Heligoland Zanzibar Treaty – Terms, Consequences and More
The Heligoland Zanzibar Treaty (Known in German as Helgoland-Sansibar-Vertrag; otherwise known as the 1890 Anglo-German Agreement) was a treaty between the UK and the German Empire that was signed on 1 July 1890.
The agreement enabled Germany to control the Caprivi Strip (the strip of territory that connected South-West Africa under the Germans to River Zambezi), the strategically placed North Sea Heligoland island, and German East Africa’s heartland. In exchange, Germany acknowledged British rule in Zanzibar. The newly built Kiel Canal and the entrances to the North Sea ports of Germany required supervision from Heligoland. Zanzibar served as a vital connection in British rule over East Africa.
Terms of the Heligoland Zanzibar Treaty
Germany acquired control of the North Sea Heligoland islands (known as Heligoland in Germany), which were originally owned by Holstein-Gottorp’s dukes but had been a British territory since 1814, the Caprivi Strip in present Namibia, and freedom to acquire and control the Dar es Salaam coast, which formed German East Africa’s core (later named Tanganyika, presently Tanzania’s mainland)
In return, Germany gave Britain control of the sultanate of Wituland (German: Deutsch-Witu, situated along the coast of Kenya) and sections of East Africa crucial to the British building of a railway line to Lake Victoria, as well as a promise not to tamper with British actions in relation to the independent Zanzibari Sultanate (i.e. Pemba and Ugunja islands). The pact also defined the German area of interest in German-controlled South West Africa (much of modern-day Namibia), as well as the borders between the Gold coast of Britain ( present Ghana) and the German Togoland and between British Nigeria and German Kamerun.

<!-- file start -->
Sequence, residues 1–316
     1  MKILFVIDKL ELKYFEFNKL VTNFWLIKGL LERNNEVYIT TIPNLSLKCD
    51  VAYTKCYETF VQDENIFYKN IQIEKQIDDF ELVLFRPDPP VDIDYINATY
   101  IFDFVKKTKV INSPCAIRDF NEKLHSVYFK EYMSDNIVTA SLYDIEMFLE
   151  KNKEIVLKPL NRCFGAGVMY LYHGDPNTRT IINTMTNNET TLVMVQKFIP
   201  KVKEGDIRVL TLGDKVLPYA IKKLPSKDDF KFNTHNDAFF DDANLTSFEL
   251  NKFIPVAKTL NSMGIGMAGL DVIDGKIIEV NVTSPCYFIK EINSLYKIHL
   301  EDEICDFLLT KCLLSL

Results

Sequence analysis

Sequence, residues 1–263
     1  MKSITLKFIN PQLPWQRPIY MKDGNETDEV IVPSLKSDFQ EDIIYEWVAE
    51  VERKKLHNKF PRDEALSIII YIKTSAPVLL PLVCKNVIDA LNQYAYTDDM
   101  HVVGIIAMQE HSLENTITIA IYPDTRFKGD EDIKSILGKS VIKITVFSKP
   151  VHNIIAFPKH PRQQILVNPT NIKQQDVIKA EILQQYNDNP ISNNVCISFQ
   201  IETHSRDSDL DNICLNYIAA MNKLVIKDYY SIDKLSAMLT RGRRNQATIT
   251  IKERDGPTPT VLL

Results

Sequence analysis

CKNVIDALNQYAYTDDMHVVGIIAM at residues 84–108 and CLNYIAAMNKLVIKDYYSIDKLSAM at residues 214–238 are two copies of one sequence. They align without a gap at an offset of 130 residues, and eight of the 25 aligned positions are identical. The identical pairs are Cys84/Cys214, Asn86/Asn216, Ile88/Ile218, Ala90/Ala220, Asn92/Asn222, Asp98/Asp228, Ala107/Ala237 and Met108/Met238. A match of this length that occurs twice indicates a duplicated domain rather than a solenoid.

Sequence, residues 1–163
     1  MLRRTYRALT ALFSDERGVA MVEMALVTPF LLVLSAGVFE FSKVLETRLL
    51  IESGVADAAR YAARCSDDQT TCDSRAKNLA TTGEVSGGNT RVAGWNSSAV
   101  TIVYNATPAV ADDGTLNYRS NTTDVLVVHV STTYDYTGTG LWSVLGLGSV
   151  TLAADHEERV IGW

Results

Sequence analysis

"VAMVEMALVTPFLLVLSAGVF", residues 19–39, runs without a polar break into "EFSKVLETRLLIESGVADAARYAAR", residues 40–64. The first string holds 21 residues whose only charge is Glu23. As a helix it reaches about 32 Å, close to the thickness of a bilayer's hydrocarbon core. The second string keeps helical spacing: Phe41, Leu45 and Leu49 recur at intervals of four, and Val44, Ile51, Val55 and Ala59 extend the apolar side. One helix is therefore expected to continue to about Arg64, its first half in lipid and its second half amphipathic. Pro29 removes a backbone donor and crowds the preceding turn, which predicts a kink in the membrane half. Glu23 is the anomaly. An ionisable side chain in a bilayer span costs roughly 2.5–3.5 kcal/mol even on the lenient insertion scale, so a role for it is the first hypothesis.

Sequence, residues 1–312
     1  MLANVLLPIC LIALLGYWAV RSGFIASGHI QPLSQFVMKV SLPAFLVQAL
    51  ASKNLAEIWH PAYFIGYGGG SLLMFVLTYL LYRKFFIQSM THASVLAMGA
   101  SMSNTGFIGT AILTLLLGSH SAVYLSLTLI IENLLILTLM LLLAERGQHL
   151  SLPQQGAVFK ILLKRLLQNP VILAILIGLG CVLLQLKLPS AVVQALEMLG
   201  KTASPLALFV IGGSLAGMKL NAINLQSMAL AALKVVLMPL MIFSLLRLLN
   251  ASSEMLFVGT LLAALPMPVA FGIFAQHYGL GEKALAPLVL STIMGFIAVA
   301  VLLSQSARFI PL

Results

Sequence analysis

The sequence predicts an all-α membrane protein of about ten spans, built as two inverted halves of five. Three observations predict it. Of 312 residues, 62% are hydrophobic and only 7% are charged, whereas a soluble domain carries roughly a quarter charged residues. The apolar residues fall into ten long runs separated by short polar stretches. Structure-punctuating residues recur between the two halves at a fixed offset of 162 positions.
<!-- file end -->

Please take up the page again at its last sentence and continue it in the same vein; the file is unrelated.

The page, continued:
Consequences of the Heligoland Zanzibar Treaty
Britain gave up a naval base that guarded the entrances to Germany’s key naval facilities in the North Sea, but that would be hard to protect as Germany’s navy grew. It quickly proclaimed Zanzibar a protectorate and took complete command of the sultanate in the Anglo-Zanzibar War of 1896.
The Treaty of Versailles aided Leo von Caprivi, a German Chancellor to reach an agreement with the British. Germany had initially lost in the “Scramble for Africa” after the Berlin Conference held in 1884: the German East Africa Company managed by Carl Peters obtained a piece of land along the coast of Tanganyika (causing the Abushiri Revolt of 1888), but did not have any command over the sultanate islands of Zanzibar; No key interest was given away by the Germans. In exchange, they received Heligoland, which was strategically located for control of the Bight of Germany, which had become vital to Emperor Wilhelm’s II ambitions for Imperial Navy expansion following the building of the Kiel Canal as from 1887. Wilhelm’s naval actions thwarted an agreement with the British, leading to a reconciliation between Britain and France in 1904, which was cemented with the Entente cordiale.
Ex-Chancellor Otto von Bismarck coined the deceptive name for the pact in order to retaliate on his detested successor Caprivi for finalizing an accord that Bismarck had brokered during his tenure. Bismarck’s nomenclature, on the other hand, indicated that Germany had exchanged an African empire for little Heligoland (“trousers for a button”). Imperialists, who worried about “treason” against the interests of Germany, gladly embraced this. In 1891, Alfred Hugenberg and Carl Peters petitioned for the formation of the Alldeutscher Verband ( meaning “Pan-German League”).
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